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4.4 Multiple Back Ends
As mentioned in Section 2, distributed le systems rarely
offer precise POSIX semantics. Rather, they relax those se-
mantics to improve scalability and performance in a large
distributed system. The details of approximation vary
across systems. Consistency is the most common area of
approximation. Protection, locking, and recording of access
times are other common areas.
To allow exibility in the choice of distributed le sys-
tem, we plan to restructure ISR software so that most of
the code is written to an abstract le system interface. The
binding of this abstract interface to a specic le system
will be encapsulated in a small back-end code component.
This code component will also determine how VMM les
are mapped to les in the distributed le system.
4.5 Incremental Reconstruction
Another way to reduce resume latency is to allow the
VMM to begin execution before the reconstruction of its
input les is complete. Reconstruction can then be over-
lapped with the resumed execution of the VM. If the VMM
accesses a region of a le that is yet to be reconstructed,
the access has to block until reconstruction of that region is
complete. This effectively combines demand reconstruction
with proactivity. Our implementation will use a stackable
le system approach [9] with the reconstruction manager
residing in user space to simplify experimentation. A mod-
ied Coda kernel module [15] with appropriate extensions
will transparently redirect the VMMs le accesses to the
reconstruction manager.
5 Alternatives to ISR
This technology addresses the issue of user mobil-
ity. During the 1980s and 1990s typical computer usage
evolved from a model in which most users interacted with
managed computer systems to a model in which many users
interact with systems that are either (a) administrated by
that user or (b) customized for that user. Many comput-
ing environments have become funadamentally personal.
ISR attempts to provide a mechanism through which a user
may interact with their personalized computing environ-
ment from different physical locations by leveraging VM
However, at least two alternative technologies also ad-
dress the issue of user mobility. The rst alternative
is remote user-interface (UI) technology as employed by
VNC [13] and X-Move [17]. The basic tradeoff between
remote UI technology and VM migration is that remote UI
technology requires that a fairly steady stream of UI-update
information be transmitted over the network, while VM mi-
gration requires a fairly large state transfer prior to resum-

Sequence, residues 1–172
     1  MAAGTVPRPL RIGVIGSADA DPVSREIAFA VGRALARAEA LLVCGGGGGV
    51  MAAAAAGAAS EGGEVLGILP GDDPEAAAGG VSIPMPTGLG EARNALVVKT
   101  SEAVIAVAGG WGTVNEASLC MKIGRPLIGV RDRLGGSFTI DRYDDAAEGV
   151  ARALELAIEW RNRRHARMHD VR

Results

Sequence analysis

ing the VM but very little subsequent state transfer until
the time of suspend. VM migration provides a clear advan-
tage in scenarios in which the network may become discon-
nected (such as while travelling by air) or in which network
latency may be high (otherwise, the user experience may be
very poor). Remote UI technology provides a clear advan-
tage when the user interacts with the system for a very short
period of time.
The second alternative is distributed le system (DFS)
technology as mentioned in Section 2. Traditionally, users
have approximated ISR by storing session resume informa-
tion in their home directories on a DFS. Perhaps, many
users will nd the ideal mobility solution a combination
of ISR and DFS. In this solution, the OS and related les
are stored in a disk image and the users home directory is
stored in the DFS.
The concept of ISR is obvious once it is described. Yet,
to the best of our knowledge, we are the rst to identify
its signicance and to demonstrate a working implemen-
tation. It is instructive to ask why this is the case. After
all, IBM had a VM product for its mainframes by the early
1970s. Early distributed le systems, such as AFS and NFS,
emerged by the mid-1980s. Why has it taken so long to
compose the two technologies?
We conjecture that three factors are responsible for the
late emergence of ISR. First, VMs were not available on
hardware typically used by mobile computing researchers
until recently. Only in the late 1990s, with the founding
of VMware, has VM technology become available on this
class of hardware. Second, most academic research has
tended to focus on process migration as the mechanism for
transferring live execution state. Experimental systems such
as Demos, V, Mach and Sprite have successfully demon-
strated process migration. But there has been no signicant
growth of a user community dependent on process migra-
tion. Indeed, there has been a persistent suspicion in the re-
search community that process migration may be a solution
in search of a problem! Third, the growing dominance of
the Microsoft Ofce application suite has forced researchers
to ask how those applications can be supported in a mobile
computing environment. Since they run only on closed-
source Windows operating systems, solutions that require
operating system modications are not feasible. A middle-
ware approach such as Puppeteer [3, 5] is one solution. Us-
ing VMs, as described in this paper, is another solution.
Our initial prototype shows that ISR can be successfully
implemented on todays hardware. We plan to improve the
security, efciency, and portability of this prototype using
Proceedings of the Fourth IEEE Workshop on Mobile Computing Systems and Applications (WMCSA’02)
0-7695-1647-5/02 $17.00 © 2002 IEEE
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